Celebration of Life: A day of remembrance for Kenneth Brown
April 12, 2023
Over 25 suited men, dressed in black stood somberly on stage.
The men, all alumni from the historically Black men’s college Morehouse, linked arms with heads down and a slow rhythmic sway they began chanting a somber rendition of “Dear Old Morehouse,” their shared college’s official hymn.
With tears in their eyes, some audience members sang along, while others watched.
This was how the first tribute speech ended during the funeral service for Kenneth Brown, former President of the Board of Trustees at El Camino College, who died unexpectedly on Thursday, March 23.
Organized by his closest family and friends, Tuesday, April 11, served as a day dedicated to celebrating Brown’s life with a funeral service, internment and a concert in his honor all taking place on the same date.
The day began at 11 a.m. in Holman United Methodist Church Sanctuary. With 48 pews overlooking a large stage, the church room would be standing room only by 11:30 a.m. Church workers estimated over 250 mourners.
In attendance from El Camino College were President Brenda Thames, former President Dena Maloney, members of the Board of Trustees, administration and Police Chief Michael Trevis.
At 10:58 a.m. the music began and silence blanketed the packed pews.
Nearly hidden behind the giant, hanging wreaths a gray-haired organist began to play the processional hymn as the shining, ebony casket flanked on both sides by white-gloved pallbearers made its slow march to the front.
Brown’s wife Dr. Karla Brown, his mother Dr. Martha Brown and his two sons, Kenneth Brown II & Kaleb Brown, took their place in the front as the ceremony began.
Senior Pastor of Holman United Methodist Church Kenneth Walden opened with a prayer letting the audience know that Brown’s life would be honored in the same church he grew up in; the same church he exchanged vows in.
“Remember that life is fragile, a valuable gift often unpromised,” he said. “We should be gifts to one another, I believe Ken Brown modeled that behavior.”
An impressive “Reflections of Life” reading revealed that among his responsibilities at El Camino Brown held a long résumé of work, with his two professional passions seemingly being engineering and education.
Emanuel Waddell, professor and chair of nanoengineering at North Carolina Agricultural and Technical State University, was one-of-eight tribute speakers during the late morning ceremony. He was friends with Brown—both were Morehouse men.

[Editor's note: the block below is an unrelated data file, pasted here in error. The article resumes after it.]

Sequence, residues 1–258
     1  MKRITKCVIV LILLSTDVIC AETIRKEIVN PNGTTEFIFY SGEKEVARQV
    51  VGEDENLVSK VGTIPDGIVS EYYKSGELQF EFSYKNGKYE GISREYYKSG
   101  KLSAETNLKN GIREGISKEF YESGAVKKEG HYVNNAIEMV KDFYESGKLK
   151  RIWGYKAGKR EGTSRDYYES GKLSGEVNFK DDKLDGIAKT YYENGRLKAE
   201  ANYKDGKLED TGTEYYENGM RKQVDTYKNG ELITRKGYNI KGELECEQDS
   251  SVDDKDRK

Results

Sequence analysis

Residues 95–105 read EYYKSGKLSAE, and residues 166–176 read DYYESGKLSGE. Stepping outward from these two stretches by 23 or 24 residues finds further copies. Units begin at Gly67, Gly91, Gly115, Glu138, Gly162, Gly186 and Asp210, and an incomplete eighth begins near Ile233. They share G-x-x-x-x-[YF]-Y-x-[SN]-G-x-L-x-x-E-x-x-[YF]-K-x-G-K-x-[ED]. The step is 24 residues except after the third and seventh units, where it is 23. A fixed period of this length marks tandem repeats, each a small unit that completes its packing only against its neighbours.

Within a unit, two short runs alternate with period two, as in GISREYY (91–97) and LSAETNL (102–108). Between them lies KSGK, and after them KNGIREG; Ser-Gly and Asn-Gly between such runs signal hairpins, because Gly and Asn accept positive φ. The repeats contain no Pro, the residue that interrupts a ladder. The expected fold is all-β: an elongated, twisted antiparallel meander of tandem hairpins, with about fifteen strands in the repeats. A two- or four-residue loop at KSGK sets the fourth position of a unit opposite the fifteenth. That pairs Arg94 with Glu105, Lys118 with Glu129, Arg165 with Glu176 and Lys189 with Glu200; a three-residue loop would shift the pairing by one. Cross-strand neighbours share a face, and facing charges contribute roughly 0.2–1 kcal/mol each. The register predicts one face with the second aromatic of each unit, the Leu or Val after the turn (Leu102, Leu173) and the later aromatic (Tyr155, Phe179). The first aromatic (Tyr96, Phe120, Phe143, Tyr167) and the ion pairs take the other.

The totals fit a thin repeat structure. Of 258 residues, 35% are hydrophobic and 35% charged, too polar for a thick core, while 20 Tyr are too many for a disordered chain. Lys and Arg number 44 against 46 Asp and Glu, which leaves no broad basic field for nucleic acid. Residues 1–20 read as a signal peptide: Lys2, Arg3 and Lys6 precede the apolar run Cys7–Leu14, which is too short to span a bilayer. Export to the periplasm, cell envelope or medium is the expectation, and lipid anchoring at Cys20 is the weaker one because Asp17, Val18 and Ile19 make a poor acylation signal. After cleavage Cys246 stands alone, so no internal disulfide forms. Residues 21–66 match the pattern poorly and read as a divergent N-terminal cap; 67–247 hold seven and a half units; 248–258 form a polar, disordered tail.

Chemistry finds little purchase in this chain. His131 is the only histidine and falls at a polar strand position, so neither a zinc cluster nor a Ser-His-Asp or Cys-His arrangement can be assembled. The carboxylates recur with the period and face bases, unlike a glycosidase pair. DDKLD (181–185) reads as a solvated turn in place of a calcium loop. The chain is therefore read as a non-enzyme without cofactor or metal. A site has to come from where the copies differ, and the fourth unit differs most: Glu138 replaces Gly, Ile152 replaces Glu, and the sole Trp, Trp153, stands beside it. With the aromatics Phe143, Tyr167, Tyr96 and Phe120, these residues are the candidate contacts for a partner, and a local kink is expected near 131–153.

“Morehouse where you at, come on up, I can’t do this without you,” Waddell said, calling forth his fellow alumni.
Other tribute speakers included people who have worked with Brown such as Congresswoman Maxine Waters, former El Camino President Maloney and Chief Diversity Officer at Northrop Grumman Kenneth Robinson.
Waters described Brown as an “extraordinary educator” who could have stayed in the aerospace field but made it his mission to help black men and women get into college.
Robinson applauded Brown’s family, his upbringing and what that helped foster. He reminded the audience that Brown was literally a “rocket scientist.”
Following a eulogy by Brown’s cousin Gary Henderson, the ceremony ended.
By 2 p.m. Brown’s family and friends regathered at Inglewood Park Cemetery. Brown’s final resting place would be The Garden of Chimes mausoleum on the cemetery grounds.
Brown was entombed directly above the remains of his father. Karla Brown asked if fresh flowers could be provided for both Brown and his father, and workers added fresh red roses for both.
The somber day was punctuated with an air of joy as at 5 p.m. the Miracle Theater located in Inglewood hosted a “Celebration of Life Concert” performed by Composer Marcus Norris and his Southside Symphony.
Brown’s eldest son, Kenneth Brown II played the trumpet and was spotlighted throughout the night as photos of his father projected in the purple light cast theater.
Brown’s wife and family had front-row seats and the band played favorite jazz renditions while more speakers gave their memories of Brown in between sets.
As the emotional night came to a close, Karla Brown took the stage to thank Norris, the band and Miracle Theater for their efforts in putting the show together so quickly.
However, it would be Brown’s two sons, Kaleb and Kenneth II who would get the final words.
Kaleb told the packed theater the story of the last time he saw his father following a surprise visit to Washington D.C., where Kaleb attends school. Right before they parted ways Kaleb said his father had a tradition, every visit ended with a picture.
Kaleb’s final photo of his father is a selfie he took with Kaleb already in his ride-share.
Kenneth II, Brown’s eldest son, told the audience that his father sometimes seemed like a perfect man, but he wasn’t, he was human.
He said those were his father’s best qualities, his human moments.
“If we had a moral of the story of my father’s life,” Kenneth II said, “it would be to help out in any way you can.”
- Corrected grammatical errors on April 13, 2023, at 5:23 p.m.
- Fixed drop cap transparency on April 24, 2023, at 3:58 p.m.